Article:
I don't know. But I certainly was surprised to see this article flick through my timeline this morning:
|Full story in the Tele|
No doubt others will have their say on that issue. But I can live without being flamed for "not doing feminism right". So I'll leave that for other blogs.
What I am interested in is whether this mud is going to stick.
There can be no doubt that the attacks that have been made on Tony Abbott for comments he has made about women have been incredibly effective.
Before the last federal election, GetUp launched this ad:
Whether it actually changed any votes is anyone's guess. It certainly wasn't the first attempt to label Abbott as a misogynist.
It wasn't really until Julia Gillard's speech in parliament late last year that the idea really gained traction in the popular media:
Whether you think her attack is fair or not, you cannot deny that it has fundamentally changed the public's perception of Abbott. It was a decisive speech that has (probably permanently) labelled Abbott as, at the very least, anti-women.
No doubt this is the kind of result that Burney would have been hoping for with the Telegraph article. No one else has picked the story up (as of late this afternoon, and as best I can tell) - but Burney may well have been hoping that bored NSW Political reporters might be keen to run with the issue.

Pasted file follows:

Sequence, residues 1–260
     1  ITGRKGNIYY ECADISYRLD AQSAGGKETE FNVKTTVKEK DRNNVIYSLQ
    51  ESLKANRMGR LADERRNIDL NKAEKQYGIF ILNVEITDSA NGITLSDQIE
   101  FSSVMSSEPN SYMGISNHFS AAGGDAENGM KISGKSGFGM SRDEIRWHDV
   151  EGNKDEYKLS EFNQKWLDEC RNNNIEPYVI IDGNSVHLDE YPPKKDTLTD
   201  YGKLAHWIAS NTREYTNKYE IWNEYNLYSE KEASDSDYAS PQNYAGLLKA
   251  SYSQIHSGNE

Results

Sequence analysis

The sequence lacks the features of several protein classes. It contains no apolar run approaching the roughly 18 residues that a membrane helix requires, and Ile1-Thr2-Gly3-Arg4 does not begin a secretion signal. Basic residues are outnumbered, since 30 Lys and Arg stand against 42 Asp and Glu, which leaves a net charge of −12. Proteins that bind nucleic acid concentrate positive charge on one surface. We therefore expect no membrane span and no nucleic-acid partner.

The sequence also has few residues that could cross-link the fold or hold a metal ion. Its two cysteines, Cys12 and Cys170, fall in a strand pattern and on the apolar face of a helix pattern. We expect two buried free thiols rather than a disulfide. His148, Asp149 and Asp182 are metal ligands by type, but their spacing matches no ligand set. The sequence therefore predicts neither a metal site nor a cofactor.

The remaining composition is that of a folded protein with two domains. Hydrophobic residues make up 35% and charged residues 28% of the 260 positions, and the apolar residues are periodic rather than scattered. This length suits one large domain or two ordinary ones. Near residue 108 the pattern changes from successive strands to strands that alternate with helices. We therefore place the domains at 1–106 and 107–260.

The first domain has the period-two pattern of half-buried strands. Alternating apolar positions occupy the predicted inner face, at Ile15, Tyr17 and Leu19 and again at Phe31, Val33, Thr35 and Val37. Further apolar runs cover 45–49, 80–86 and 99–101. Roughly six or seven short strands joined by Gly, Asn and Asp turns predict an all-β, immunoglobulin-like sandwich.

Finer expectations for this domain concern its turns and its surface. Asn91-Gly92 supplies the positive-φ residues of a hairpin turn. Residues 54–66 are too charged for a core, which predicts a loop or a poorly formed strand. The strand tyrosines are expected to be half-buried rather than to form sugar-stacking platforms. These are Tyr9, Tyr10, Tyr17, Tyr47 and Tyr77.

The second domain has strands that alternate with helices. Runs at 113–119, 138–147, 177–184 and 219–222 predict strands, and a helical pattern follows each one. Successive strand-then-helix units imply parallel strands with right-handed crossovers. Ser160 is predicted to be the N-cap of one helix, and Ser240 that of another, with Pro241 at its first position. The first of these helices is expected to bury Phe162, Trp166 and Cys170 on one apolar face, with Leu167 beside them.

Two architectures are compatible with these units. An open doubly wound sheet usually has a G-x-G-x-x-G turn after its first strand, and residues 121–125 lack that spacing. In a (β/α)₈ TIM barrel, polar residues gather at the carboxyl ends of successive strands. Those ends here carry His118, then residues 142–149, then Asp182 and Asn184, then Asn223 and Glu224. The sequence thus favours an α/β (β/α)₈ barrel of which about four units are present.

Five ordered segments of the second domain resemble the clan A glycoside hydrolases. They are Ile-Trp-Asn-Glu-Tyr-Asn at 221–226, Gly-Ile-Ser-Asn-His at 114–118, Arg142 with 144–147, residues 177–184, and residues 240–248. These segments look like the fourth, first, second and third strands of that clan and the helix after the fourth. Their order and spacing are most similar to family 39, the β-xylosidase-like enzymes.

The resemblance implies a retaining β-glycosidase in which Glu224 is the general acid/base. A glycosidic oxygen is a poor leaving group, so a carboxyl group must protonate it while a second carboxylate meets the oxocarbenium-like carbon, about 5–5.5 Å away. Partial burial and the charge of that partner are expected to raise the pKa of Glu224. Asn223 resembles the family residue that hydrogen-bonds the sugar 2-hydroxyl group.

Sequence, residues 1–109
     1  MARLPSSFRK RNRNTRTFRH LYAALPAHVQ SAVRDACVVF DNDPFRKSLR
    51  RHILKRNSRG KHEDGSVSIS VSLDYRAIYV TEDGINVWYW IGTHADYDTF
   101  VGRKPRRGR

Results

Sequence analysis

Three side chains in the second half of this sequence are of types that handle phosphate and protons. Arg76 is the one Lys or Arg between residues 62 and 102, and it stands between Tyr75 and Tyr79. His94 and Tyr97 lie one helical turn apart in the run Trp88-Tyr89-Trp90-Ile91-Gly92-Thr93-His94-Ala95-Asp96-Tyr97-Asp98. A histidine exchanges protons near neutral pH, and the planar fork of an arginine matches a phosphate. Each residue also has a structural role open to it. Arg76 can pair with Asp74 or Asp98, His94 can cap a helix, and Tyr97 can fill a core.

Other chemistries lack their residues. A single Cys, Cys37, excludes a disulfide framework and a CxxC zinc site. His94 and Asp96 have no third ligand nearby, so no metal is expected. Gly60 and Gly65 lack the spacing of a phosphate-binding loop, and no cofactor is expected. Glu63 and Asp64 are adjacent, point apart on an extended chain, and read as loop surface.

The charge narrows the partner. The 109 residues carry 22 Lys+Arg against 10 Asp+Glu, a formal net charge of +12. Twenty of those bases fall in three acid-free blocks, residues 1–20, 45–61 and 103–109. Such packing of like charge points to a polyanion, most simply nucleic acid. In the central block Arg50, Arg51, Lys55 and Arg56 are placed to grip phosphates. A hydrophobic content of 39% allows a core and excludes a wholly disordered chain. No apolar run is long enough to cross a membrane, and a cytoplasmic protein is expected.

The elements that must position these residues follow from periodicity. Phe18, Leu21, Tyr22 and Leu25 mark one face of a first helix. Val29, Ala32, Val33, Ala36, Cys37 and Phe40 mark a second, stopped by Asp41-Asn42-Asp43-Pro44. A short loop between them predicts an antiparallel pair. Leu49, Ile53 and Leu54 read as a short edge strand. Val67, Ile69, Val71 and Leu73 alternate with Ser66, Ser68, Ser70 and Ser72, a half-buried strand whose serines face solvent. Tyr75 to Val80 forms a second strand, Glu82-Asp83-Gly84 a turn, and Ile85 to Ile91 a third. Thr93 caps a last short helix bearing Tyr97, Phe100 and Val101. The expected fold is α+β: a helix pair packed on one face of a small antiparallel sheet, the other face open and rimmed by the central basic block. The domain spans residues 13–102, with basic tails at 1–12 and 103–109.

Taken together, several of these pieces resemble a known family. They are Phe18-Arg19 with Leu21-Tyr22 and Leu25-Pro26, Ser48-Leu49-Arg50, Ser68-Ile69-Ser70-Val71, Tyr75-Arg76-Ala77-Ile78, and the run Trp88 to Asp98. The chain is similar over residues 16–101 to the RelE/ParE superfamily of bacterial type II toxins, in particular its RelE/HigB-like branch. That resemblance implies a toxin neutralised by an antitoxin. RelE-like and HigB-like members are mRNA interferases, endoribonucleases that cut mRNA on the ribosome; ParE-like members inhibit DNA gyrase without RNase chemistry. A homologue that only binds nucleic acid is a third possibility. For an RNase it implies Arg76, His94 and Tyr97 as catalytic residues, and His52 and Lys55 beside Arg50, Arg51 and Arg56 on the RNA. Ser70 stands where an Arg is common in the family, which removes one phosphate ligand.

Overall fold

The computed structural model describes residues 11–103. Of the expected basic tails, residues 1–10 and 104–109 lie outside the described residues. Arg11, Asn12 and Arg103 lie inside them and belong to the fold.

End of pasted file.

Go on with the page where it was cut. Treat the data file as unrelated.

If that is what she is hoping for, I think she is going to be disappointed.
There are many reasons that Gillard's speech resonated with the Australian public.
In part, it was a powerful woman sticking it to a powerful man in a way that we are unaccustomed to seeing, even today.
Moreover, it didn't overreach. She didn't need to look for offence, or trawl for comments and somehow twist them to suit her partisan goals. Abbott's statements spoke for themselves.
Most of all, in my opinion, the reason her speech resonated was because it fitted generally with the latent opinion about Abbott.
Recently I read a comment the basically said that a political ad is most powerful when it accords with what the public already suspects about someone.
The public suspected that Romney was obscenely wealthy and didn't care about the disadvantaged. This is why the now-famous 47% video resonated so strongly:
Julia Gillard's knifing of Kevin Rudd and her immediate ascension to the Prime Ministership had an air of illegitimacy about it. So, when she promised not to introduced a Carbon Tax and then reneged on that promise, the cry of "Liar!" was always going to be damaging:
So, again: are these attacks on Barry O'Farrell and the insinuations that he is a misogynist going to stick?
I don't think so.
O'Farrell just doesn't have "the runs on the board' to make the allegation something that will fundamentally alter the community's perception of him in the same way.
That's certainly not to say that the comments in question were appropriate, or defensible. To give them some context, I've extracted them below.
First of all, the "hooker" comment:
The first came on 8 November 2011, when Keneally was still sitting as the Member for Heffron:
When push comes to shove, I think this issue is going to disappear pretty quickly. Whilst Linda Burney is the acting Opposition Leader, Robertson will be back on deck soon, and the obvious opportunity afforded by her acting in the role will slip away.
What she will be hoping is that O'Farrell will keep making these kinds of comments, and that more articles on this topic get written. Unfortunately for her, I suspect that O'Farrell is a little too smart for that.
But you never know.
UPDATE: In fairness, thought I should include this exchange as O'Farrell has a response of sorts to what I have written above:
At the time of making this update, there had not been a reply to that last tweet.